When you and your family notices a slow decrease in the amount of cool air coming out of the registers, it's smart to check out the air conditioner unit to see what's going on. Many homeowners are shocked to find their A/C is covered in frost--they expect that a frosty unit would produce more cold air than ever! However, this condition reduces the amount of air moving through your equipment and needs immediate attention to discover which of these five common causes is behind the problem.
Anything that greatly limits the air moving through the cooling system contributes to the frost problem. Leaky or collapsed ducts prevent air from reaching the evaporator coil, causing it to get too cold and freeze over. Checking through the duct work often reveals disconnected sections letting air escape into your attic or crawl space.
Freon is the refrigerant gas filling the evaporator coil in your air conditioner. When a leak allows this gas to silently escape, you end up with an A/C unit that works overtime to cool the air. This causes frost to accumulate on the coil and return lines from the compressor.
Don't try to add freon to your A/C on your own. These pressurized systems need exact levels of gas, so adding too much can break the entire compressor and lead to more costly repairs. An experienced heating and cooling technician will also find the original leak that lowered your levels so you don't need another refill every few months.
Clogged Air Filters
When you forget to change your air filters on a regular basis, you can reduce the air flow in the system dramatically as the dust and debris builds up. Before checking the ducts or worrying about freon levels, take a moment to look at the filters in your A/C system. Most residential systems need filter changes every three months while the air conditioner is in use.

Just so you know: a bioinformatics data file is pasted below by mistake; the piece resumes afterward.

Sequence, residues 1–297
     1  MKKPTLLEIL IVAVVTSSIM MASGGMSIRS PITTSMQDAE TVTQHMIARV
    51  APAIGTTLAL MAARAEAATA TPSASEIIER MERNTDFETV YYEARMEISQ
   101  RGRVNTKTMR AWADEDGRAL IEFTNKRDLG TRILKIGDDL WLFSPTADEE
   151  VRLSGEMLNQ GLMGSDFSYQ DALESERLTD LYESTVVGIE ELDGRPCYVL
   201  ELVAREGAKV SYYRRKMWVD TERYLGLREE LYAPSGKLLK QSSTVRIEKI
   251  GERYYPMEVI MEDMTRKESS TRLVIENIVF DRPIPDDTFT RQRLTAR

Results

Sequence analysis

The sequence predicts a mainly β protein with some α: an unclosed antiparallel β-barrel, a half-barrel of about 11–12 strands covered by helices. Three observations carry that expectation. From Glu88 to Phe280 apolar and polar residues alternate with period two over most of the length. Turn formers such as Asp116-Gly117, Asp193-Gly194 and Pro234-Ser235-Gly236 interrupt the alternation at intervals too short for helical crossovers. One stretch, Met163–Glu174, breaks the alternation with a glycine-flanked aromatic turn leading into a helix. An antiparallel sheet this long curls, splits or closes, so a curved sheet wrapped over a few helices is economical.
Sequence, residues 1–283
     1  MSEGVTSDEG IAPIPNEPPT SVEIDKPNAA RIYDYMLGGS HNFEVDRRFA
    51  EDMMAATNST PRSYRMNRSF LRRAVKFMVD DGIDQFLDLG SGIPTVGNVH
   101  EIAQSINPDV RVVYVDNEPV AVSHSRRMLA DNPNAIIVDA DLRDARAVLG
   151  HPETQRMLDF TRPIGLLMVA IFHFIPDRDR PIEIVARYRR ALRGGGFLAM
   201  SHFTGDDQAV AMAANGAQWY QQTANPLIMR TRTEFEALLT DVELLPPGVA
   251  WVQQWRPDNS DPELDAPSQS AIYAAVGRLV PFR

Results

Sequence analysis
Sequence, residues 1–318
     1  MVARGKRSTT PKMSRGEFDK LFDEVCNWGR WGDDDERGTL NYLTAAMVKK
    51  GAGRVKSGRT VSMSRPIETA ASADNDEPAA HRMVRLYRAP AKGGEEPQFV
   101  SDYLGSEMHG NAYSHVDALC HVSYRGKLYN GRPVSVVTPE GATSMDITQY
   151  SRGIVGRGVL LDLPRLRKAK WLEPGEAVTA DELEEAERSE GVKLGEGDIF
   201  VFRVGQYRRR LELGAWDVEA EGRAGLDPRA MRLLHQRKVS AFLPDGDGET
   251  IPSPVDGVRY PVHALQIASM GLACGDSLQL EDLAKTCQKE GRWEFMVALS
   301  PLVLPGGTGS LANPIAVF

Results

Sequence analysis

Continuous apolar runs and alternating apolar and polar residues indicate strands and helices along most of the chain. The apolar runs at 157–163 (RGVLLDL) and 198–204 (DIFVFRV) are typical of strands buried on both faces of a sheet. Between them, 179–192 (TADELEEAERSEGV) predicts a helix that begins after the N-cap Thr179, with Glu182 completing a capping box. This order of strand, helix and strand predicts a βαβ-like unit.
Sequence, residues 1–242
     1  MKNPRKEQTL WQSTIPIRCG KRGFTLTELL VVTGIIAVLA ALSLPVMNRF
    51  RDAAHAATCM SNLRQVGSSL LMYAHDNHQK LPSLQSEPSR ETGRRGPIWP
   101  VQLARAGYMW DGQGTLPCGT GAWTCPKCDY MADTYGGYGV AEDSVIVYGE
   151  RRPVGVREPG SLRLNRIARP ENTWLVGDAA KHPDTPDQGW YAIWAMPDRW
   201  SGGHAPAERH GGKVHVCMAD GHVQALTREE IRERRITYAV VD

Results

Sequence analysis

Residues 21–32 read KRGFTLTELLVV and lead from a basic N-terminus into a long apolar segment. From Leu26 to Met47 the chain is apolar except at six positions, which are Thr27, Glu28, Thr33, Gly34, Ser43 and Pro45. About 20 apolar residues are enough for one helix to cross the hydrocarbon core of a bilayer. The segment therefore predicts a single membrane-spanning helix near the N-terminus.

Sticking in a brand new air filter could exacerbate your frost problem if you pick the wrong one. You might think a thicker air filter equals better dust management, but a model that is too thick will block air flow as much as a clogged filter. Check your owner's manual for the A/C unit in question to find out the maximum thickness recommended for your equipment to make sure you don't accidentally make the issue worse while trying to fix it.
Sometimes the A/C system holds plenty of freon gas, but it isn't flowing through the unit properly anymore. This is usually due to a thermocouple expansion valve stuck shut. The valve is supposed to open when the air conditioner needs more refrigerant, so you can end up with a frost covered condenser coil while your system still contains plenty of freon.
It's impossible for the average homeowner to decide if the A/C is low on freon or simply isn't cycling it properly. Make an appointment with a technician when you suspect a gas problem is behind your frost accumulation. The repair specialist from places like http://www.perryheatingandcooling.com can test the gas level and valves all at once to figure out what to fix.
The blower is the fan responsible for sending that chilled air to the rooms in the house. A broken blower lets the cold air stay in the unit, dropping the temperature and freezing the lines. You may just need a simple overheating switch flipped in the outdoor unit to get the blower working again.
Even if there's only a thin layer of frost inside your air conditioner, you're spending more on electricity because your A/C is working harder than ever to produce cold air. Keep an eye on the condenser coils throughout the season to make sure your system is running at peak efficiency.Share